By Valentina Pasquali
Greece’s interim prime minister Lucas Papademos was appointed in November, after much squabbling between the country’s two main political parties.
Papademos most qualified candidate for the job
Papademos faces the daunting tasks of winning approval for the new 130 billion euro bailout package, passing the 2012 budget and securing the latest 8 billion euro installment of last year’s rescue package. Each of which is essential for the country to avoid debt default by year-end.
“Papademos is probably the most qualified candidate for the job,” says Raoul Ruparel, an analyst at Open Europe, a London think tank. With his bipartisan appeal, high international profile and credibility with the financial markets, “Papademos ticks all the boxes,” he says.
Until his appointment, Papademos, 64, was visiting professor of public policy at the Kennedy School of Government at Harvard University. He has had a long international career. Between 2002 and 2010 he served as vice president of the European Central Bank.
He was previously governor of the Bank of Greece, starting in 1994, where he oversaw the country’s bid to join the eurozone. Comments he has made in the past suggest that Papademos supports the ECB‘s position that Greece should tackle existing issues internally, rather than relying on external support.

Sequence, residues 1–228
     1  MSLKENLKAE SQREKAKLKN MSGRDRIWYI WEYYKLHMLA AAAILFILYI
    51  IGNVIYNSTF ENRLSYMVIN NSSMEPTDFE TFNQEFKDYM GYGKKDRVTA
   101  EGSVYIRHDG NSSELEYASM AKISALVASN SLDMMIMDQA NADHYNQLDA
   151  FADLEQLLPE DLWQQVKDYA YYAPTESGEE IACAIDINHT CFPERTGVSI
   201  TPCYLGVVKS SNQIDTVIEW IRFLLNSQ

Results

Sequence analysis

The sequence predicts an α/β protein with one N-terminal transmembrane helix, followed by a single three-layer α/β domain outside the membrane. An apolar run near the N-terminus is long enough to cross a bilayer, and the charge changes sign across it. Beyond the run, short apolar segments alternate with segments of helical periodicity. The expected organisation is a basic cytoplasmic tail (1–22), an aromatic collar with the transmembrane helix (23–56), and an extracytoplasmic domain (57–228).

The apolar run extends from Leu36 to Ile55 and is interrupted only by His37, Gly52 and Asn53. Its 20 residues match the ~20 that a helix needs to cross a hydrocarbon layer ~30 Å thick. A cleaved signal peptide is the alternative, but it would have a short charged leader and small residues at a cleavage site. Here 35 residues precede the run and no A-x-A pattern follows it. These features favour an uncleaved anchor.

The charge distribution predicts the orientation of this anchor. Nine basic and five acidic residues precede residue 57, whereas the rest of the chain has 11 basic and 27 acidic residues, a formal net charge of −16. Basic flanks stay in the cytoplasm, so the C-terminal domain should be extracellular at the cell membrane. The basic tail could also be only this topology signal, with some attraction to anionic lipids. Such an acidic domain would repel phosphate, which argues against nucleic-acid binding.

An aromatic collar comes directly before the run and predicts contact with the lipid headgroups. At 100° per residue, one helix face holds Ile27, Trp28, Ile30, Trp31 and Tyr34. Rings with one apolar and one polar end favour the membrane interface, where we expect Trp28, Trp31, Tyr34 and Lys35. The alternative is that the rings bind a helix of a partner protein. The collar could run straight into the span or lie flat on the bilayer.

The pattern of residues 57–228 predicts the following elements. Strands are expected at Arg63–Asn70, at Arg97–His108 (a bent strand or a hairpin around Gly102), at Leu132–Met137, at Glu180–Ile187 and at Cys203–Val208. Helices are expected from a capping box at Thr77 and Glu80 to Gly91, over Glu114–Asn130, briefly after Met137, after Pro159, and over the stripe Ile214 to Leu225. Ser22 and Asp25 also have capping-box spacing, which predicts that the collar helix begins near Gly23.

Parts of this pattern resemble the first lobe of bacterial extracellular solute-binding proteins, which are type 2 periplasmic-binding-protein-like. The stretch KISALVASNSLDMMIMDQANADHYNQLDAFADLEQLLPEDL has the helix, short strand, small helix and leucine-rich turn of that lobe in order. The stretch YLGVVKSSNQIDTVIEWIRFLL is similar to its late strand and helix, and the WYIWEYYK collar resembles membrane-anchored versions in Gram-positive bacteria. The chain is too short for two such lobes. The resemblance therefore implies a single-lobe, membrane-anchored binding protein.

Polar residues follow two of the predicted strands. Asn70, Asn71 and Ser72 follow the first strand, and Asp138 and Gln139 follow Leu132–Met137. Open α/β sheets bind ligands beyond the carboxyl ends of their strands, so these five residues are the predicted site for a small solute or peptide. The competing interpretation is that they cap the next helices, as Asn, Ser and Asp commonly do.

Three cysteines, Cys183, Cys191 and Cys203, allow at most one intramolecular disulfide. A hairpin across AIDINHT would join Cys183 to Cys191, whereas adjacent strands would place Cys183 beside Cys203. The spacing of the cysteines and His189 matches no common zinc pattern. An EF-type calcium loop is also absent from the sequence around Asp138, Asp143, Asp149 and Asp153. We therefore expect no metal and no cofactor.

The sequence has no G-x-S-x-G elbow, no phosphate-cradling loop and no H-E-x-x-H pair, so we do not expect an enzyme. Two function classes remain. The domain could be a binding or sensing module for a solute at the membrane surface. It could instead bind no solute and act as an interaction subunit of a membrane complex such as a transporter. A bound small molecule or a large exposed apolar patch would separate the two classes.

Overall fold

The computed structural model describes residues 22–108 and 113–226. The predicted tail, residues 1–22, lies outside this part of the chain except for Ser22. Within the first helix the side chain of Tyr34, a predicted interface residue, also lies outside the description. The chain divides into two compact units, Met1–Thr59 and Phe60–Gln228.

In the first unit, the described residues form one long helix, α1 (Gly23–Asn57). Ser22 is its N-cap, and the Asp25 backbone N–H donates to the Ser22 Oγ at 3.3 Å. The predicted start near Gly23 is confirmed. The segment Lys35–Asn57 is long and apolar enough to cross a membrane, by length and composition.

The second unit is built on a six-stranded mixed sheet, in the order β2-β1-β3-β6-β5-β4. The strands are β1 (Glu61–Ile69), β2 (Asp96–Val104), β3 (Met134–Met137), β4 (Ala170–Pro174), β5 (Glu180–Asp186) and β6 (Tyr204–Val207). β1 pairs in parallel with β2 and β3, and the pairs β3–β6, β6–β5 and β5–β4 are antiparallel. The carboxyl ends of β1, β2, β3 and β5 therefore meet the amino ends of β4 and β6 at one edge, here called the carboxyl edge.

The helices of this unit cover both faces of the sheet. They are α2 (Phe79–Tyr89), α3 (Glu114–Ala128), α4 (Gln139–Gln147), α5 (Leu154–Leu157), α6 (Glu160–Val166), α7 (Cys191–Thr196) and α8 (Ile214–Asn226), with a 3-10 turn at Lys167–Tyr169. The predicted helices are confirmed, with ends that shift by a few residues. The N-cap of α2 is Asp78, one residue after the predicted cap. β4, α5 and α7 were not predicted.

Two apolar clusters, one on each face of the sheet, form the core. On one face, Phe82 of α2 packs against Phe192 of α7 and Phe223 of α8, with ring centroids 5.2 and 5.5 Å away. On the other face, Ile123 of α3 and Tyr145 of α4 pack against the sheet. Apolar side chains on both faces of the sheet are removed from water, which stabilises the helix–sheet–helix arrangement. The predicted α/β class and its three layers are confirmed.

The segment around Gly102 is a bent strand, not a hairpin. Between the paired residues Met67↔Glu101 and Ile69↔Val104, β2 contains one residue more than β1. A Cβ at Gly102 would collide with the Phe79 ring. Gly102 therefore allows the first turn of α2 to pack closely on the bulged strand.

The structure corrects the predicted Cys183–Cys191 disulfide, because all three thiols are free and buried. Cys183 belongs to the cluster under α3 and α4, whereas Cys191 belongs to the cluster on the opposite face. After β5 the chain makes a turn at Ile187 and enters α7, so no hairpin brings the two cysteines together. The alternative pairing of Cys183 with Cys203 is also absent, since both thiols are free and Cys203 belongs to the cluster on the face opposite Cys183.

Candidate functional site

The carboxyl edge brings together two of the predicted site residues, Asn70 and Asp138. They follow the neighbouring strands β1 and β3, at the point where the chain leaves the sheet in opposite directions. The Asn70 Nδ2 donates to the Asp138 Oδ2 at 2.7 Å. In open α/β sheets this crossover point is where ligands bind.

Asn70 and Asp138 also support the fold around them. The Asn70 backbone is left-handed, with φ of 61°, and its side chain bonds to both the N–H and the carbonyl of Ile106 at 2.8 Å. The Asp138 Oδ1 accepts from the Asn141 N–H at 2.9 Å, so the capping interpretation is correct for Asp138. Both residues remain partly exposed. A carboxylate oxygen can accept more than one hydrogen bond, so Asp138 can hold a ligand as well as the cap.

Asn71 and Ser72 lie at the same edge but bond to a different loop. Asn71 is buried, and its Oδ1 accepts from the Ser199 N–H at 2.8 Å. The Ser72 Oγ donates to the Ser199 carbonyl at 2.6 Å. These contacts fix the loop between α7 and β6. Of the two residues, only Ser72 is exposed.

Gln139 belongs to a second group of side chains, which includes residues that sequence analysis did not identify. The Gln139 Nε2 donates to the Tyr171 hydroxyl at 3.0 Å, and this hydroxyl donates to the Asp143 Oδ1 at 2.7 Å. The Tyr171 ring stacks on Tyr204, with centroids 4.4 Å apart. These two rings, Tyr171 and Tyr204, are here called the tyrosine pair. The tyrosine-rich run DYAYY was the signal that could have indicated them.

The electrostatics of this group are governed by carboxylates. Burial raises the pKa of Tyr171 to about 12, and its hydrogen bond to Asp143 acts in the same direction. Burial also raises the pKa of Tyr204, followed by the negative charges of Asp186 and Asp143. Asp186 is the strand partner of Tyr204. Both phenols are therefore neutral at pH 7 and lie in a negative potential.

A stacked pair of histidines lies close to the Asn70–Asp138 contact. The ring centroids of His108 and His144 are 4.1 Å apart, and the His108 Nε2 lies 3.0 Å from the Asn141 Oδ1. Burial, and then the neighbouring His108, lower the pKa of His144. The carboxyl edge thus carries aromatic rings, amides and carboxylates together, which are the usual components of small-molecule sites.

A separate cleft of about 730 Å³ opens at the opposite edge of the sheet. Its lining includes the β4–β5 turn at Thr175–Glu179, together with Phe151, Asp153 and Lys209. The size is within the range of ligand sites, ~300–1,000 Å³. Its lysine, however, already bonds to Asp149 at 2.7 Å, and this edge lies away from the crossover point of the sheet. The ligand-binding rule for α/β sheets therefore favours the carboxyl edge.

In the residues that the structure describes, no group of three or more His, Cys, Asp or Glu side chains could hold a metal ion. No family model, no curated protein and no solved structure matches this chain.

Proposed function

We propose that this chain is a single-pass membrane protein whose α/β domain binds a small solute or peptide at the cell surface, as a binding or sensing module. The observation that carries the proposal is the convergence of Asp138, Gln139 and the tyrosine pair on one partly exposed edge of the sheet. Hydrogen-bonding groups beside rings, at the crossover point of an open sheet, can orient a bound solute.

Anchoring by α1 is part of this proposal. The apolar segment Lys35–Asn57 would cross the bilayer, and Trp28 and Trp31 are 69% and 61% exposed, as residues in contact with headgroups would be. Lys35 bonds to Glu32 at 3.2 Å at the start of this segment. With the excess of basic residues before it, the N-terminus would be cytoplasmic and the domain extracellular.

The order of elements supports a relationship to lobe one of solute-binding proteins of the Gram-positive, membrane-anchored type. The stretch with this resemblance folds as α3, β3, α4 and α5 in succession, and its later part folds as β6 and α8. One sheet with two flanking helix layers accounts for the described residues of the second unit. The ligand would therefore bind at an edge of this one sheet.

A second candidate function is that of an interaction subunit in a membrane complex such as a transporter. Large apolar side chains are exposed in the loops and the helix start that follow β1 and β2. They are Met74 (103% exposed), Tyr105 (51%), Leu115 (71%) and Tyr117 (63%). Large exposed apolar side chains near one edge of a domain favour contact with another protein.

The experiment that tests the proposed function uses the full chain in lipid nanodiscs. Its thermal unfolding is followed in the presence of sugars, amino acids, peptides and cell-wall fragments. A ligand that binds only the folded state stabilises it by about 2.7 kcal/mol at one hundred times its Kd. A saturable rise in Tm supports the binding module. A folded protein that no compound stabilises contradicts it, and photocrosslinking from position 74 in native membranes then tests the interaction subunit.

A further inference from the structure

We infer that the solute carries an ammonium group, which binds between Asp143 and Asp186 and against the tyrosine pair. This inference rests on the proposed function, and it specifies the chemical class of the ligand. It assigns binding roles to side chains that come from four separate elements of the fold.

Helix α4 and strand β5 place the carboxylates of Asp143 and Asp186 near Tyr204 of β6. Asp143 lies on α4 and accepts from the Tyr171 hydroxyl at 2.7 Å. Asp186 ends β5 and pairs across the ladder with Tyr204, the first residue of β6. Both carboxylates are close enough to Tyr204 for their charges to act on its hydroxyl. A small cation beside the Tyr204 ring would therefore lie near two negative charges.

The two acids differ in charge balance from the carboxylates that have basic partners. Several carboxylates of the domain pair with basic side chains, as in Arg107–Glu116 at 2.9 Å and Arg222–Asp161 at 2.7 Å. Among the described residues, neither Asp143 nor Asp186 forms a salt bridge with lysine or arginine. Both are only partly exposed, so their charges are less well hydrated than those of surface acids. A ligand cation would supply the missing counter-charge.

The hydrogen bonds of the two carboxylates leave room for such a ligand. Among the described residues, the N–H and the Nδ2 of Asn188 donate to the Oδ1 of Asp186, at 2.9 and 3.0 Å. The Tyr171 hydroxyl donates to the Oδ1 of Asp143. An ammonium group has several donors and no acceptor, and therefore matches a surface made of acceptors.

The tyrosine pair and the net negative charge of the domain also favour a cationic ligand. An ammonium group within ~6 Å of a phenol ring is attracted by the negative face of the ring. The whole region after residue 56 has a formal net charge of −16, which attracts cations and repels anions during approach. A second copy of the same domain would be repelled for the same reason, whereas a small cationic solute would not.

But he is not a permanent solution, according to Fredrik Erixon, director of the European Centre for International Political Economy in Brussels: “What Greece needs are political leaders that command authority and persuade voters politically about why they need to accept years of tough economic and fiscal reforms.”
Greece faces an uphill battle. The country’s statistical service Elstat reported a jump in unemployment from 16.5% in July to 18.4% in August, during the peak of the tourist season. And its debt-to-GDP ratio is predicted to fall no further than to 120% by 2020, suggesting that it might need “a larger and more comprehensive debt write-down,” said Ruparel.